I’d like them to have a good Linux experience right off the bat, so I thought a lot about what to install on the T30.

I finally decided on, wait for it, Fedora 19 Xfce.

Why? A couple of reasons right off the bat: First, I get that I’m quite possibly the only person on the entire planet that acutally doesn’t think that Fedora is solely a “bleeding edge distro only for the most brilliant and cutting-edge Linux users” — I firmly believe that anyone with a few IQ points to rub together, to say nothing of bright kids, can use it. Second, as I mentioned earlier, I wanted to give the boys something with icons and menus; in other words, something that was not entirely foreign to them.

Choosing a desktop environment was not easy. Though I only have it on one machine in the lab, I like KDE and all the great developments KDE brings to FOSS. But I am way more familiar with Xfce and have used it more often; my second distro back in 2006 was the Dapper Drake version of Xubuntu. So it’s a matter of convenience: If anything goes wrong, I’d be able to help quickly. I also installed Flash — Fedora doesn’t come with it natively, to their free-software credit, but it’s necessary especially in a school setting until Gnash is up to speed — a necessary evil maybe, but still necessary. So it’s there.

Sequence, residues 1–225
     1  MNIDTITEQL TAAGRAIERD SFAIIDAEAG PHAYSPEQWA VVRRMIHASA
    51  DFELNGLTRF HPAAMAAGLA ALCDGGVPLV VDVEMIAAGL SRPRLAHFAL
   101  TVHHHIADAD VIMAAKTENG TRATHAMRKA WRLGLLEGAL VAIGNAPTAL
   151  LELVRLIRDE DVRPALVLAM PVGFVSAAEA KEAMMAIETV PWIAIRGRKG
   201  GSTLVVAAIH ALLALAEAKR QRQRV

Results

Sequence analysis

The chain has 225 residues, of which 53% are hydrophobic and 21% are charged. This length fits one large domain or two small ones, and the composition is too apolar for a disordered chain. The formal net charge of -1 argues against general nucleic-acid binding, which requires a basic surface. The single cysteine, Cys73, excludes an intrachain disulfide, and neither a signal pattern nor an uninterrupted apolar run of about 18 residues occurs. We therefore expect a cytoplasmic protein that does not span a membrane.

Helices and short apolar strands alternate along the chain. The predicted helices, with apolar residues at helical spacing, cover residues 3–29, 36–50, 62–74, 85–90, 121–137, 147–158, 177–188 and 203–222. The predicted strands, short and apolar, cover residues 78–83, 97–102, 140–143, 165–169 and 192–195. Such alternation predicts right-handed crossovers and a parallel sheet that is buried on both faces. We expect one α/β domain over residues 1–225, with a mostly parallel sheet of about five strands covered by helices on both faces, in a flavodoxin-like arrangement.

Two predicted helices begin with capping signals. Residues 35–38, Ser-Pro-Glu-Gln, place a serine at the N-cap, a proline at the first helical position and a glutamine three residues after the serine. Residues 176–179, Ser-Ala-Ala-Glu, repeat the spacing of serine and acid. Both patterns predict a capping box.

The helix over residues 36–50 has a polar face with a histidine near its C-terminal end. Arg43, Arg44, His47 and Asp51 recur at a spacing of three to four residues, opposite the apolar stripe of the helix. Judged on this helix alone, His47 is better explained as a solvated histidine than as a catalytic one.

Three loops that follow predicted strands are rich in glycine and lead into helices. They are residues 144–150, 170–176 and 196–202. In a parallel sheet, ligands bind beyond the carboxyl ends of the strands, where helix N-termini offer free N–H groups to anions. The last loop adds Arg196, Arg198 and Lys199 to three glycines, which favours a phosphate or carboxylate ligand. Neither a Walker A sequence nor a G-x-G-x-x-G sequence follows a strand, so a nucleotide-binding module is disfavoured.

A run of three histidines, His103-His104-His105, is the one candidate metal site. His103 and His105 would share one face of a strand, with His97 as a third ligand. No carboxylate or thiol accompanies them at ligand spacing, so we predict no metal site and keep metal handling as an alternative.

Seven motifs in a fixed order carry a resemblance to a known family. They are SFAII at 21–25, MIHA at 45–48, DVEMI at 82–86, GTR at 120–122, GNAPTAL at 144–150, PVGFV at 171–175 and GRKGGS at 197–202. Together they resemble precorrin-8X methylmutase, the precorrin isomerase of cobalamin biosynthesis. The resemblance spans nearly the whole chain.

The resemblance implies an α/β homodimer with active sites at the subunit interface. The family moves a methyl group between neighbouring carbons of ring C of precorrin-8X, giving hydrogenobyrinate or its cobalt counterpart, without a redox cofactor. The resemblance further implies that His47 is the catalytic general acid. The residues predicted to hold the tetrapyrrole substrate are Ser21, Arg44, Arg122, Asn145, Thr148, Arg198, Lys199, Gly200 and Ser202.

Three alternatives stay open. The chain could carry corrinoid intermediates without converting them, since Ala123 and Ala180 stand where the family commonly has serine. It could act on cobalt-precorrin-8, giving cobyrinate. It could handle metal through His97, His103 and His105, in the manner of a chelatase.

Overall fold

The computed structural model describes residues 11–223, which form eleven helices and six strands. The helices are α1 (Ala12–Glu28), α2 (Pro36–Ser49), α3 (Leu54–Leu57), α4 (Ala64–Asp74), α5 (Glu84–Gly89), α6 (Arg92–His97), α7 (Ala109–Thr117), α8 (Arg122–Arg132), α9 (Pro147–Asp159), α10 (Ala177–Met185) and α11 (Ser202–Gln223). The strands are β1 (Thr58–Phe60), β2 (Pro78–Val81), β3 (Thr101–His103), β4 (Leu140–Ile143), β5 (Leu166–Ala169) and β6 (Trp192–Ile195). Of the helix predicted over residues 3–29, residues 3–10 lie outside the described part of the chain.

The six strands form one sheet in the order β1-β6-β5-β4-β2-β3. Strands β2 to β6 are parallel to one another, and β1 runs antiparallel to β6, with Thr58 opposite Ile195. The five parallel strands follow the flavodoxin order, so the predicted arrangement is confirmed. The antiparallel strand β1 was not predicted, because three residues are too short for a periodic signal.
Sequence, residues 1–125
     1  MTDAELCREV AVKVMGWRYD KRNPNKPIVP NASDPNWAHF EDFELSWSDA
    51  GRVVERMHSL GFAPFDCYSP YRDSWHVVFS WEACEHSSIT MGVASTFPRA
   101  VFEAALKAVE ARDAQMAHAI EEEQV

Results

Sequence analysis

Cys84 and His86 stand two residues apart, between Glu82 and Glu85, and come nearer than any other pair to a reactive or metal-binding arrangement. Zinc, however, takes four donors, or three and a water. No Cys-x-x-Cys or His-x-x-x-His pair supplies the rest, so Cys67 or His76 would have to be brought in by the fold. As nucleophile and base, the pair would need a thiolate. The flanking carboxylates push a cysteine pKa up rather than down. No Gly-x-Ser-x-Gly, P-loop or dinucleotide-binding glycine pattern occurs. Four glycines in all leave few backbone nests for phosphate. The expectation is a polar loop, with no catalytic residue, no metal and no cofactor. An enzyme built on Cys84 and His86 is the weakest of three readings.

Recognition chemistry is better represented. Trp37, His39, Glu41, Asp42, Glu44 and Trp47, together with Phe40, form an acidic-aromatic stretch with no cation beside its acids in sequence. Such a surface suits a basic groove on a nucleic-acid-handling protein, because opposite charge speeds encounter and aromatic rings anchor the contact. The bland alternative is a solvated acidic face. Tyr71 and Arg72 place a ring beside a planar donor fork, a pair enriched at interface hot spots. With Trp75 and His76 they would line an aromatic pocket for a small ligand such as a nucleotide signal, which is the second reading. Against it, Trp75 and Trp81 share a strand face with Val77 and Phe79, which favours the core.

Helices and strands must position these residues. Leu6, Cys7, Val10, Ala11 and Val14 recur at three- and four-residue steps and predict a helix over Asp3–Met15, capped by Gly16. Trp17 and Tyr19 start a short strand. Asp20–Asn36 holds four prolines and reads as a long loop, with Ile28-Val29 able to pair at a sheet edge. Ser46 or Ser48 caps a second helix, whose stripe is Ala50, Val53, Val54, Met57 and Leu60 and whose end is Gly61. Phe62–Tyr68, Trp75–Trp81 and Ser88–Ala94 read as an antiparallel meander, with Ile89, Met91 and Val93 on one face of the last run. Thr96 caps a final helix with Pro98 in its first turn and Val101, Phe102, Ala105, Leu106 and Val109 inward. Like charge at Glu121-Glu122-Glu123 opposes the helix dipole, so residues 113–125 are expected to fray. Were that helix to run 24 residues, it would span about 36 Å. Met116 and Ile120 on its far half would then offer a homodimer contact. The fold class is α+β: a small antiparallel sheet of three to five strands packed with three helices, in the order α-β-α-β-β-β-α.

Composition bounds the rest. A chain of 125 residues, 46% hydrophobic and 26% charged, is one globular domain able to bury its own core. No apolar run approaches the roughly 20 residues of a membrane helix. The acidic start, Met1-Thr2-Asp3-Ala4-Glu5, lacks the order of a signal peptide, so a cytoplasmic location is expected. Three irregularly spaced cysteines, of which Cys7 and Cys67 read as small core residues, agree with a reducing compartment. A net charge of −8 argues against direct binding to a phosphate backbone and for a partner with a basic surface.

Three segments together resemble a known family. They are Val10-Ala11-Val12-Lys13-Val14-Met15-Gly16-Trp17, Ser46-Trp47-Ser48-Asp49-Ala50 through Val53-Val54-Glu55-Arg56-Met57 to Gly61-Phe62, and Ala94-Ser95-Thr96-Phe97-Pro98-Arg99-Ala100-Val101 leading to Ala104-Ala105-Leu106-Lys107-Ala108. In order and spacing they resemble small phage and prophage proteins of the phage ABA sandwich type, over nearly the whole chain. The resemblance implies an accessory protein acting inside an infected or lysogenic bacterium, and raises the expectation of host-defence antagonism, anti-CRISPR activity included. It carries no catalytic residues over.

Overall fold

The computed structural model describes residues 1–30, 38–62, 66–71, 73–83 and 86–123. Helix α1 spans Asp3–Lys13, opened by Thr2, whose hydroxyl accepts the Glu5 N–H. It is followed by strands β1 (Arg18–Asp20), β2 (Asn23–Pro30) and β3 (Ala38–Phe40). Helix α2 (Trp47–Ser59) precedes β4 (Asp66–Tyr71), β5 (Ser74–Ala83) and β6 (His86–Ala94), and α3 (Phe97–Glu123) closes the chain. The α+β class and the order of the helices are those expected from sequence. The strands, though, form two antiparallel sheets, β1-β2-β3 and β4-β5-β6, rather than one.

So on Wednesday, the cat’s out of the bag: They get Schrodinger’s Cat with the Xfce desktop on a T30 with a collection of stickers on it that rivals any NASCAR racer. They’ll get the SELinux lecture upon my handing it over to them, and a few tips about how to handle the the flashing light of the Automatic Bug Reporting Tool.

I’m also going to give them a copy of “Snake Wrangling for Kids” with the hope that maybe one of them will like Python enough to start fiddling with it.